The Northbrook Public Library currently serves about 33,000 residents. In 1919, when the first reading room was established above a store across from Village Green, there were about 500 people living in the area, which was originally incorporated as Shermervile. Its growth, both in size and services is a testament to the community's commitment to having a world-class library in Northbrook.  

Library Leadership

Freda Thorson, Head Librarian (1952-1965)
Dorothy Curley, Chief Librarian (1965-1968) 
Richard "Dick" E. CombsDirector (1968-1975)
Frances "Deedee" J. Bradbury, Executive Librarian (1975-1985)
Chad RaymondExecutive Director (1985-2015) Listen to Chad's Northbrook Voices interview
Kate Hall, Executive Director (2015-present)


  • The first reading room was established in 1919, located in a room above a store on Shermer, across Village Green.


  • Bertram Pollak, president of the Northbrook Civic Association (later the Northbrook Civic Foundation), led a push for creating a public library
  • The Northbrook Civic Association joined the League of Women Voters, the Service Club, the Northbrook Chamber of Commerce, the public school PTA, and the St. Norbert's PTA to launch a successful library referendum, which passed with a margin of six votes on May 20, 1951
  • Boy and Girl Scouts helped index books loaned by the Illinois State Library for the new Northbrook Library and place them on the shelves in 1952
  • The library opened its doors on June 28, 1952, in the old Village Hall (now the Northbrook Civic Foundation building)
  • In fall 1953, the Civic Association raised the funds to build a library, located on the northeast corner of Shermer and Church streets. 
  • The library building was dedicated on March 21, 1954

Photo of the building in 1969


  • The library becomes a charter member of the North Suburban Library System (NSLS) which provides a network for interlibrary loans and reciprocal borrowing
  • The Village donated a portion of the skating rink north of the Village Hall at the corner of Cedar and Cherry as the location for a new building
  • The new building opened on May 25, 1969, designed by the firm of Hammond & Roche

Photo of the Circulation Desk in 1976


Online catalog access


  • Interlibrary loan and reciprocal borrowing is computerized, which allows patrons to locate and borrow materials from all 43 libraries in the North Suburban Library System in 1981
  • VHS tapes are available to check out for both VHS and Beta home systems in 1981
  • Online computer searching is introduced in 1981
  • Reference Department receives a computer terminal, funded by a state grant, in 1982
  • Four online catalog terminals, some operated by touch and some by keyboard, are available to patrons in 1984
  • Two Apple IIe microcomputers with Epson printers are available for patron use in 1985
  • Compact Discs (CDs) are available to check out in 1985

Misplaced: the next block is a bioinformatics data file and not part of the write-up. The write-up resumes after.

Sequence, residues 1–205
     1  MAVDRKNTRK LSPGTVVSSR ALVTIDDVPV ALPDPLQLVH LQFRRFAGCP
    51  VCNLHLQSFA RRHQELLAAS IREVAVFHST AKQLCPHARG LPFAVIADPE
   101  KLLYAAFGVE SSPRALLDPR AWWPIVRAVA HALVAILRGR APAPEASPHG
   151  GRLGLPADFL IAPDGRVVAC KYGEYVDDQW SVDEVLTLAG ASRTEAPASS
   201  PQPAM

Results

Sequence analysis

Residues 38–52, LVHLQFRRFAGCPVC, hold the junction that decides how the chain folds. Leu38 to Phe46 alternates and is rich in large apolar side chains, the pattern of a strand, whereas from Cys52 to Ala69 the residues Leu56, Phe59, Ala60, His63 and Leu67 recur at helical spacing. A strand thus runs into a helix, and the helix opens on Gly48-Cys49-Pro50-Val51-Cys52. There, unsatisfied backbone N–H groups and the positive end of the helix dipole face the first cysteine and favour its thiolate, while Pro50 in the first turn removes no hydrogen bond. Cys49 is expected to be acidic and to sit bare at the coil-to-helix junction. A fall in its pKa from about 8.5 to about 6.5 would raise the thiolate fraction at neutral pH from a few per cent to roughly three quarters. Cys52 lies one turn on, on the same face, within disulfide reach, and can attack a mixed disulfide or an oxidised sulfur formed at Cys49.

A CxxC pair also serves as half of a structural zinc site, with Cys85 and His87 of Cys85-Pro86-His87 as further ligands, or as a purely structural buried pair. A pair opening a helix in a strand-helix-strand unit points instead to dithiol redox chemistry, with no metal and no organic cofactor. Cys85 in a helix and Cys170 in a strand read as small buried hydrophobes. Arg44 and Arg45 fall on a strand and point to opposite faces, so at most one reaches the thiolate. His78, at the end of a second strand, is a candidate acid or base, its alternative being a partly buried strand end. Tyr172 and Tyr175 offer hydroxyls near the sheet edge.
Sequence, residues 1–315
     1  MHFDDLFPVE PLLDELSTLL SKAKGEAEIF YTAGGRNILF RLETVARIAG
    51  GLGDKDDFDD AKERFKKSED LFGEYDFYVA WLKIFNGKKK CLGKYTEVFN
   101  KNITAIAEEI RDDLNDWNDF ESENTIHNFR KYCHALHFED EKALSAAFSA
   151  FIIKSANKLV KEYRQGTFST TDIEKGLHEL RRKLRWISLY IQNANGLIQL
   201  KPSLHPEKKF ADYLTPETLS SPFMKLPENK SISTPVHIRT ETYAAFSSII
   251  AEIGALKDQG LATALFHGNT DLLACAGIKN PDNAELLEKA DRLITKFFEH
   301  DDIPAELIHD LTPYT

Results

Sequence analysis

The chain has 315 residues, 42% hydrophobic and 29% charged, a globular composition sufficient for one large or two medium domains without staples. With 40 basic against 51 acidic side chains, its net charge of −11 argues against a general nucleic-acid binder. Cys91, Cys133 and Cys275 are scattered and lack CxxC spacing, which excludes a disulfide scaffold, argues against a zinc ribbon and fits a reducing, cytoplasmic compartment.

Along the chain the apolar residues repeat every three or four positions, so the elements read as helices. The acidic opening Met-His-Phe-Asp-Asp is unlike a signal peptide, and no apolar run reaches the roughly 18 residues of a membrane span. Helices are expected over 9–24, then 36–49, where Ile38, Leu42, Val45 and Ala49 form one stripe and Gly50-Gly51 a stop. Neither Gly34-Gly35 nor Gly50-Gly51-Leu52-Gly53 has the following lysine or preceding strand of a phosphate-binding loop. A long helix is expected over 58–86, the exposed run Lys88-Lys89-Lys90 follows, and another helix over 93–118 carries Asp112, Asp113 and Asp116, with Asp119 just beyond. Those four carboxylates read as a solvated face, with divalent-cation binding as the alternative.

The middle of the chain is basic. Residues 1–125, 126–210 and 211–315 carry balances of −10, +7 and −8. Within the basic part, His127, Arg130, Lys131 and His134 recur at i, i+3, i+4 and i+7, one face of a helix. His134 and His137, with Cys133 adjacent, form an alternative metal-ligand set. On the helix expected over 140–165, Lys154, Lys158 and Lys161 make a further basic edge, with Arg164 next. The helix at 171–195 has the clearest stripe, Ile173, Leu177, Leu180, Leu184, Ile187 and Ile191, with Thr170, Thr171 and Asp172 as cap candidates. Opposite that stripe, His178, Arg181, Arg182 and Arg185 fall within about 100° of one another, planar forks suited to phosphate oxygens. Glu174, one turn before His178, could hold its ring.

• First computer classes offered on using our online catalog to search for materials ("How to use the OPAC") in 1986

Photo of the construction to add the third floor


  • Adult Summer reading club begins ​in 1991
  • Former board member Doug Downey writes a narrative history of the library detailing how it has evolved over the years in 1992 (updated in 2002)
  • Korean Language collection begins, courtesy of Korean Canaan Presbyterian Church in 1993
  • 1-hour appointments are available for patrons to access the Internet using the Netscape browser in 1995
  • Adult Winter Reading Club begins in 1997
  • The library closes on June 14, 1998, and temporarily relocates to the Jewel (now Sunset Foods) at 1133 Church St. for the 12-15 month building expansion
  • On July 26, 1999, the permanent building at 1220 Cherry Lane reopened its doors to the public 
  • The library receives the American Library Association’s John Cotton Dana Award for outstanding library public relations of its “Jewel of a Library” campaign, informing the public about its temporary relocation to the Jewel location in 1999


  • Internet Basics classes begin in 2000
  • A DVD collection is added in 2000
  • The Northbrook Public Library Foundation is formed in 2002
  • The library website ( is launched in 2003

Photo of the Collaboratory


  • The library receives a 5-Star rating from Library Journal in 2012, 2013, 2019
  • 3D printer service is offered in 2013
  • The building undergoes a major renovation including improvements to the Auditorium and meeting rooms, the addition of a Cafe space and Friends bookshop, and ADA, HVAC, and tech improvements in 2014, completed in 2015
  • The library hosted TEDxNorthbrookLIbrary in 2015, 2016, and 2018
  • The building participates in Light It Up Blue to commemorate Autism Awareness Month and wins the Illinois Library Association Demco Library Innovative Award in 2015
  • The library’s makerspace, the Collaboratory, opens with the Peltz Digitization Room and the Peltz Digital Media Lab, thanks to a generous bequest from resident Howard Peltz in 2018
  • The first Northbrook Repairs invites people to work with skilled volunteers to help repair broken household items in 2019
  • The first One Book, One Northbrook was held in July 2019, featuring programs that explored the book Born a Crime by Trevor Noah.

Photo of the exterior of Northbrook Public Library